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A cautious Budget 2020 will reaffirm Ireland’s stability

Sep 29, 2019


A no-deal Brexit Budget 2020 is inevitable. Susan Kilty recommends a cautious approach to the minister in the run-up to Budget Day.

In recent years, Ireland has enjoyed strong economic growth. Despite this, Budget 2020 arrives just three weeks shy of an unprecedented challenge to the economy in the form of Brexit. Minister for Finance, Paschal Donohoe, is facing the unenviable task of setting a budget and making a series of complex and challenging economic choices for the year ahead with no clear certainty on what may arise both in the run-up to, and post, 31 October.

On foot of this uncertainty, the Minister has announced that he will frame the Budget on the presumption of a worst-case scenario: a no-deal Brexit.

In this regard, Minister Donohoe recently outlined his priorities for Budget 2020 at PwC’s Tax Summit 2019: to deliver certainty to businesses and individuals on the Government's preparedness for a no-deal Brexit, to safeguard the hard-won progress of recent years in stabilising the public finances, and to avoid making decisions in the Budget which may need to be reversed in the near future.

A cautious approach

The need for Budget 2020 to deliver a cautious approach is also evident from the broader macroeconomic landscape. In its Summer 2019 Economic Forecast, the European Commission reported that Ireland's economic outlook remains "clouded in uncertainty", particularly when it relates to the terms of the UK's withdrawal from the EU and changes in the international tax environment. With employment levels at their highest ever rate and production nearing capacity, the Commission is predicting that Ireland’s GDP growth may see a decline in the coming years.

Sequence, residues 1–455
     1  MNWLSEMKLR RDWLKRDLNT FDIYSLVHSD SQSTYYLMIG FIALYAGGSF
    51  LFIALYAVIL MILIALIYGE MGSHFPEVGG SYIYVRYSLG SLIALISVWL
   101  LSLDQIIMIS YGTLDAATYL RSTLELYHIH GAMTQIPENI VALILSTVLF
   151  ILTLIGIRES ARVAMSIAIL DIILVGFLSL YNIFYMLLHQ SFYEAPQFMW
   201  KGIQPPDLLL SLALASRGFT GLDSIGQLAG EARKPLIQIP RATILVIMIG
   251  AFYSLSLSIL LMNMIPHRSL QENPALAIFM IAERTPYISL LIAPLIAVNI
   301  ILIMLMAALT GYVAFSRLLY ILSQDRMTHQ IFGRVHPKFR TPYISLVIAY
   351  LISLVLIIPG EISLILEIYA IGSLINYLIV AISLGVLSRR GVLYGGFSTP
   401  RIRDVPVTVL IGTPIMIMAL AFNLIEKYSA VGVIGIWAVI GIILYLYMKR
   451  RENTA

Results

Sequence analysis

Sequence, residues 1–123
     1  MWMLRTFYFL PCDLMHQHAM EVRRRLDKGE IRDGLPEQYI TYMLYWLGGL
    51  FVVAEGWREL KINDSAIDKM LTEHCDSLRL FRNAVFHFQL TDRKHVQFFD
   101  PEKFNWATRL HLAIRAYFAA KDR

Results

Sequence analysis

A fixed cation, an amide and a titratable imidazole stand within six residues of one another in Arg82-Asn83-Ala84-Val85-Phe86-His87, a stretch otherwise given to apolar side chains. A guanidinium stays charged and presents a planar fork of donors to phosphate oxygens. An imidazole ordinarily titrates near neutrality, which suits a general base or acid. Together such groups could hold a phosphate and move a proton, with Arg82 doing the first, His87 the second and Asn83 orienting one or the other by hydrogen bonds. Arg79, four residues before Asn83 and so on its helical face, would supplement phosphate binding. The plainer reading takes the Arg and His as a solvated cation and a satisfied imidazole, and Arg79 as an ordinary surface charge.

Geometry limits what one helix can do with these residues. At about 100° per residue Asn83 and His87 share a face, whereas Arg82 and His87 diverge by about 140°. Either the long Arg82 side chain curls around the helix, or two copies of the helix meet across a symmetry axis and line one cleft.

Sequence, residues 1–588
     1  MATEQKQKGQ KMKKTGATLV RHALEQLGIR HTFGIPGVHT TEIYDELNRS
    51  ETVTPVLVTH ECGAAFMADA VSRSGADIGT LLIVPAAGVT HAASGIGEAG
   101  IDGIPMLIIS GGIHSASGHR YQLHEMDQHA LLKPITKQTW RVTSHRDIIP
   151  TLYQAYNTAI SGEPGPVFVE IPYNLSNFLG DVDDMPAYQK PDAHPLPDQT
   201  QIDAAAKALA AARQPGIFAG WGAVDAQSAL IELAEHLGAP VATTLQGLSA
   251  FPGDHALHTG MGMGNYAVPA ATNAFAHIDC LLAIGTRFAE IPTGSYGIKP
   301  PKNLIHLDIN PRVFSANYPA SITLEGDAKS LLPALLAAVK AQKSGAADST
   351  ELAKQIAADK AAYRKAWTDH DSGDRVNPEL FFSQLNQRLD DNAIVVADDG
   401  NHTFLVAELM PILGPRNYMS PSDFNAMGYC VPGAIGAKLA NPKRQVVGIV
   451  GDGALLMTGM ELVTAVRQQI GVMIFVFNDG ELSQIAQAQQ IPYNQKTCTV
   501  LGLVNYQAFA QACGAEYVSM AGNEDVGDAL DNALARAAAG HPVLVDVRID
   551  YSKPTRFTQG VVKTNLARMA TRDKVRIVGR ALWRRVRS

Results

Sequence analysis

While Brexit, and the political uncertainty in the UK, hangs large over Ireland's economy in the run-up to Budget 2020, what is beyond doubt is that Brexit has the power to undo the economic progress Ireland has made in recent years. Although Ireland’s public finances are now back to surplus, the Rainy Day Fund will likely be further bolstered come Budget Day.

This bolstering has the knock-on impact that personal and income tax changes will be minimal and targeted. While any wider tax or spending changes will need to be considered in the context of how significantly a no-deal Brexit will impact particular sectors and the economy as a whole, provisions will need to be made to ensure that the most impacted industries and businesses—such as agrifood and SMEs who trade with the UK—are protected.

A priority in achieving these goals will be to continue to focus on the competitiveness of the economy and to reaffirm Ireland as the place to do business. The theme of the National Economic Dialogue this past June may have been "Building on Progress at a Time of Change", but in this time of economic headwinds, strengthening foundations is perhaps a more appropriate theme for this Budget. Ireland needs both stability to face the future and certainty that our economic progress does not change. It is with this backdrop that the Minister ensures the country is ready for every eventuality.

Susan Kilty is a Partner in PwC.

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